Monday, September 27, 2010

Bishops' Haiti Report

Archbishop Thomas Wenski of Miami, chair of the USCCB task force on Haiti. introduced September 27 the report “The Displaced of Haiti: Long-Term Challenges and Needed Solutions” on the United States Conference of Catholic Bishops’ (USCCB) mission to Haiti, the Dominican Republic, and the Bahamas.

Archbishop Wenski made a plea to the international community not to lose focus on Haiti at this critical time. An executive summary of findings, recommendations contained in the report is below. Full report can be found posted at:

The Displaced of Haiti: Long-Term Challenges and Needed Solutions

· Recovery and reconstruction efforts are proceeding slowly, leaving Haiti’s displaced, both inside the country and outside, at grave risk;

· After an initial generous response, nations in the region, including the United States, are beginning to pull back the welcome mat for Haitians displaced because of the earthquake;

· Haitian children remain in danger, subject to difficult living conditions, domestic servitude, and human trafficking;

· Haitian families are divided and policies pursued both by Haiti and surrounding nations, including the United States, have not been designed to reunite them; and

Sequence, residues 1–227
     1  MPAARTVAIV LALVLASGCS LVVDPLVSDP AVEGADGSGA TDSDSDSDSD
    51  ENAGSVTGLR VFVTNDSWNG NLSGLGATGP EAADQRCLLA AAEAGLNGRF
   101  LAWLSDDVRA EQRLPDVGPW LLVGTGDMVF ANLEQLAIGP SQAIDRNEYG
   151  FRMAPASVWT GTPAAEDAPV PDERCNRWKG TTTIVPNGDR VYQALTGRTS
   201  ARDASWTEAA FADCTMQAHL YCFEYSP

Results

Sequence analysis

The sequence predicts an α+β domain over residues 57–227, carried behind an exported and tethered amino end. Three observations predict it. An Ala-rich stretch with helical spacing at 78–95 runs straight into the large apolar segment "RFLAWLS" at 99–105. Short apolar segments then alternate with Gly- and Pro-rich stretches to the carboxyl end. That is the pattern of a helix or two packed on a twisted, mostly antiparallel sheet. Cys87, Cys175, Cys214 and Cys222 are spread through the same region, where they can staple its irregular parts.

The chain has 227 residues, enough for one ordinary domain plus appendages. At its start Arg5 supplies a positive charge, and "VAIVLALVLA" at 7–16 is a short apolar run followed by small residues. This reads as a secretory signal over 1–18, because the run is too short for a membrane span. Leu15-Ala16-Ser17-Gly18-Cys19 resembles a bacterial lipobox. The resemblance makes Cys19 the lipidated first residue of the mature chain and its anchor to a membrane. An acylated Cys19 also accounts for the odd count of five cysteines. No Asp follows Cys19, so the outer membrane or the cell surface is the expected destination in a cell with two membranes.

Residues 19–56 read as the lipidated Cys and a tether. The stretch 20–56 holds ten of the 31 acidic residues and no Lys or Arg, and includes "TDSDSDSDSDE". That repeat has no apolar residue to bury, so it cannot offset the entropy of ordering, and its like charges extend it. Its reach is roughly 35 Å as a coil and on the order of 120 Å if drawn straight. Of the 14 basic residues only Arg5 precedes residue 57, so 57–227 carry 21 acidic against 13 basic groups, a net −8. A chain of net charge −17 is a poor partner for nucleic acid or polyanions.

· Interdiction and deportation policies toward Haitians in the region continue or have resumed, despite the fragile state of the recovery effort in Haiti.

· The United States and other nations must provide reconstruction funds in a timely manner and assist the Haitian government in rebuilding the country, including a plan for re-location or return of the displaced to homes;

· Family tracing efforts for orphans must be increased and best interest determinations for Haitian orphans in Haiti and the Dominican Republic should be introduced;

· The United States should liberalize immigration policies toward Haitians, including the reunification of the families of medical evacuees, a re-designation of Temporary Protected Status (TPS) for Haitians who arrived after January 12, 2010, and humanitarian parole for Haitian family members who have been approved for a U.S. visa but await a priority date;

· Efforts should be increased to protect children and women along the Haiti-Dominican Republic border to minimize the incidence of human trafficking; and

· U.S. interdiction policies toward Haitians should include proactive asylum screening; the United States should urge the Dominican Republic and the Bahamas to cease deportations of Haitians until the recovery and reconstruction of Haiti progresses and new homes are built or identified.

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